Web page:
Commercial airline passengers can breathe a sigh of relief as a potential threat to their wallets has been averted. The House of Representatives recently passed the Securing Growth and Robust Leadership in American Aviation Act. A bipartisan move to reauthorize the Federal Aviation Administration. However, there was a dangerous amendment proposed by Rep. Thomas Massie, which would have increased the passenger facility charge. It is a fee imposed by airports on air travelers.

If approved, this amendment would have burdened everyday Americans with higher air travel costs, stifled competition in the industry and hit small businesses hard by raising their travel expenses. The amendment did not make it into the bill.

What is a Passenger Facility Charge?

The passenger facility charge is a fee imposed on airline passengers at commercial airports controlled by state and local governments, affecting nearly all major airports. Currently capped at $4.50 per passenger, it is included in the ticket price. One of many taxes and fees tacked onto air travel costs. These taxes and fees can make up over 20 percent of a domestic airline ticket.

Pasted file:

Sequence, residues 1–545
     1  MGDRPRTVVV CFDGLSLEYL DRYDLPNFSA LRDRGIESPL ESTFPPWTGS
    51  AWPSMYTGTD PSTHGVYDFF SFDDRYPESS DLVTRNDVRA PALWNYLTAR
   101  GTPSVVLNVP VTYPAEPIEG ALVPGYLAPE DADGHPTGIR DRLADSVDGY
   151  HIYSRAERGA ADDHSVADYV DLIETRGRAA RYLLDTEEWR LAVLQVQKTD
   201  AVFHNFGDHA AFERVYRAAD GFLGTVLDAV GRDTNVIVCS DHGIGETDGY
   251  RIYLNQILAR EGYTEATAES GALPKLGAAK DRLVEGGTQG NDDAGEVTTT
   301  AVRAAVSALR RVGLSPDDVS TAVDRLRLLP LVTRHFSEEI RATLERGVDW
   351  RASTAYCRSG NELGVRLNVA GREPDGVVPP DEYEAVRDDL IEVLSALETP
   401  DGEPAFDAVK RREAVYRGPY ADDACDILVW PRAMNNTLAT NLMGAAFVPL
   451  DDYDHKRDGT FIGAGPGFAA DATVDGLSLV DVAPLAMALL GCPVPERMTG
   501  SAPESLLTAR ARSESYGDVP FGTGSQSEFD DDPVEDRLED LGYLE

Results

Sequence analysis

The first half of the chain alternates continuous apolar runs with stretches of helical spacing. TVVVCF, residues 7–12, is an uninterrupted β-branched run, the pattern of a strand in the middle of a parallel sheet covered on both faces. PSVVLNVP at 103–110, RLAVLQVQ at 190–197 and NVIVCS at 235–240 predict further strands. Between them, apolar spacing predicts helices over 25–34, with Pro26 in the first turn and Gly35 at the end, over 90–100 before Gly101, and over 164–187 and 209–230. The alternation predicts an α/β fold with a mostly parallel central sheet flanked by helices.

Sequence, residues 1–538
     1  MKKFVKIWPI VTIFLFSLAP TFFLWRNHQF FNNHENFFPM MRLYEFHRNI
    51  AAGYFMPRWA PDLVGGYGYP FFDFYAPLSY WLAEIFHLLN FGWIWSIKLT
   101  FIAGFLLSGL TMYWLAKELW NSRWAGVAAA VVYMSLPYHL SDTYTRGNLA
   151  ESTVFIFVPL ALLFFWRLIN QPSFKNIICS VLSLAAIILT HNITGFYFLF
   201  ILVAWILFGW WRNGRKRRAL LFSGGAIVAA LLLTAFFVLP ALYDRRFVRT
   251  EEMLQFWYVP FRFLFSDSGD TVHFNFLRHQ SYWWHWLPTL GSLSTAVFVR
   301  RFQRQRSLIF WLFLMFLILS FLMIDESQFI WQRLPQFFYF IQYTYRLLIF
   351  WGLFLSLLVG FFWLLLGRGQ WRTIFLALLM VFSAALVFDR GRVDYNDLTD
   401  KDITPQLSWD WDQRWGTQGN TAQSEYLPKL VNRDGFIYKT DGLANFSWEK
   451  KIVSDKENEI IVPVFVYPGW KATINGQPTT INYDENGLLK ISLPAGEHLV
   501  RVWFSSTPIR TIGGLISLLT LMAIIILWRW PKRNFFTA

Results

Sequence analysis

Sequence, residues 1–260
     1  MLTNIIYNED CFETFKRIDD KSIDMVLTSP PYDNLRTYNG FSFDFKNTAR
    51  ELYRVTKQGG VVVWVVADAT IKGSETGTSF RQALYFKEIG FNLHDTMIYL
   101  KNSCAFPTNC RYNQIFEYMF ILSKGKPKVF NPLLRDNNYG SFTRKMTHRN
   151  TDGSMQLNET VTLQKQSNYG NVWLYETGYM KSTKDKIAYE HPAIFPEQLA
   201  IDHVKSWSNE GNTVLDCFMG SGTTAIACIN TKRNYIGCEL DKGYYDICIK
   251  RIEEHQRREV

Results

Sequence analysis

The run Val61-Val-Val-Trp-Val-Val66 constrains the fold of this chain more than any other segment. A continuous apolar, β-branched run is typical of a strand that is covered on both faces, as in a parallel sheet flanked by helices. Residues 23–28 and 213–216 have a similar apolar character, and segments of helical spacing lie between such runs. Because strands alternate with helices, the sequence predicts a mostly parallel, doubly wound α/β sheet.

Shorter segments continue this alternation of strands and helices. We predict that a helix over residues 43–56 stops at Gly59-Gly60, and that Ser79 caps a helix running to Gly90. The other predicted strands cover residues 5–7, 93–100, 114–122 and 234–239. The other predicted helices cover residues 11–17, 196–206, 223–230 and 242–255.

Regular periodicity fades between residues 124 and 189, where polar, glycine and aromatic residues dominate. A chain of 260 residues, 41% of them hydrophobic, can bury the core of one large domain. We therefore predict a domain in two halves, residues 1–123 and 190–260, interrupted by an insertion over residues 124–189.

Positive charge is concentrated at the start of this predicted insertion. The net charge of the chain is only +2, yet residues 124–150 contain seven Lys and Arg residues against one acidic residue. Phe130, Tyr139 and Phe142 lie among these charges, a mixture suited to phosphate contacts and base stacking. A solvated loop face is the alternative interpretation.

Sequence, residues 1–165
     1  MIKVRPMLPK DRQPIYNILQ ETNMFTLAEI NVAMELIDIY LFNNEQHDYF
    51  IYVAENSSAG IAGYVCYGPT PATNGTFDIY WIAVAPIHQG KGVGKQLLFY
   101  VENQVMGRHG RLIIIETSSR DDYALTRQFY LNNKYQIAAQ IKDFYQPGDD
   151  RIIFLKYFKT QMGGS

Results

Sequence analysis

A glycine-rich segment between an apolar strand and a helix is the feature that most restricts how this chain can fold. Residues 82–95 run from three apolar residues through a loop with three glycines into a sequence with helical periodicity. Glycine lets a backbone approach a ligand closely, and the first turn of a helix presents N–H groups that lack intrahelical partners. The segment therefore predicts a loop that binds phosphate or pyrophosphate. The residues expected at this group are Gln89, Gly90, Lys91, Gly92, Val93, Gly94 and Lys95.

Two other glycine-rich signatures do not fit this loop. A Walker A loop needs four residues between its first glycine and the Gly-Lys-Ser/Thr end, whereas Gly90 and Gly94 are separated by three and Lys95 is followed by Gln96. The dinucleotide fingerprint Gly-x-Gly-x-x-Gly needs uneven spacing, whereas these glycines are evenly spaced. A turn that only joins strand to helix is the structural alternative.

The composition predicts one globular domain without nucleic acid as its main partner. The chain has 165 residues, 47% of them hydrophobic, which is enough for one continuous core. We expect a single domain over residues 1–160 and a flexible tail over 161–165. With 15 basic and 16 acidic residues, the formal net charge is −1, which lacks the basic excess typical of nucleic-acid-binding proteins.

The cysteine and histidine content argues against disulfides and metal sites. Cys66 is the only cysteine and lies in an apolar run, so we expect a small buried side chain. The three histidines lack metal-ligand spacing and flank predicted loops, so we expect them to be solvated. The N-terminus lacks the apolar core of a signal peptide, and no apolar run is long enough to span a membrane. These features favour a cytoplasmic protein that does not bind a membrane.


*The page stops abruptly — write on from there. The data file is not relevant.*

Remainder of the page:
Despite arguments in favor of raising the passenger facility charge cap to keep up with inflation and fund airport improvement projects, the revenue per passenger from passenger facility charge fees outpaced inflation since 2000. A passenger facility charge increase could slow passenger growth and reduce funds available to airports, which is counterproductive to its supposed purpose.

Congress recently provided a substantial $25 billion investment in taxpayer money for airport improvements through the Infrastructure Investment and Jobs Act. With this funding in place, there is no justification for deeper government involvement in travelers’ pockets.

Could Raising It Bring Competition?

Some advocates of raising the passenger facility charge cap suggest it could promote competition among airlines. However, this would come at the cost of higher ticket prices, harming smaller airlines that rely on low-cost airfares to attract customers.

The notion that a passenger facility charge cap increase would spur competition among airports is also dismissed as “nonsense” by critics. The charge is then collected by airlines and returned to the airports. This is making it difficult for consumers to hold airports accountable for prices imposed.

Negative Effects of Raising These Fees

Beyond the impact on travelers and airlines, a passenger facility charge cap increase would have negative consequences for the broader economy. Small businesses, already grappling with inflation, taxes, and regulatory burdens, do not need additional costs hindering their operations and suppressing competition.

Thankfully, the Securing Growth and Robust Leadership in American Aviation Act will not entertain a charge cap increase. The dangers of such a policy are evident. It’s crucial to put this debate to rest and prevent any future attempts to reignite it.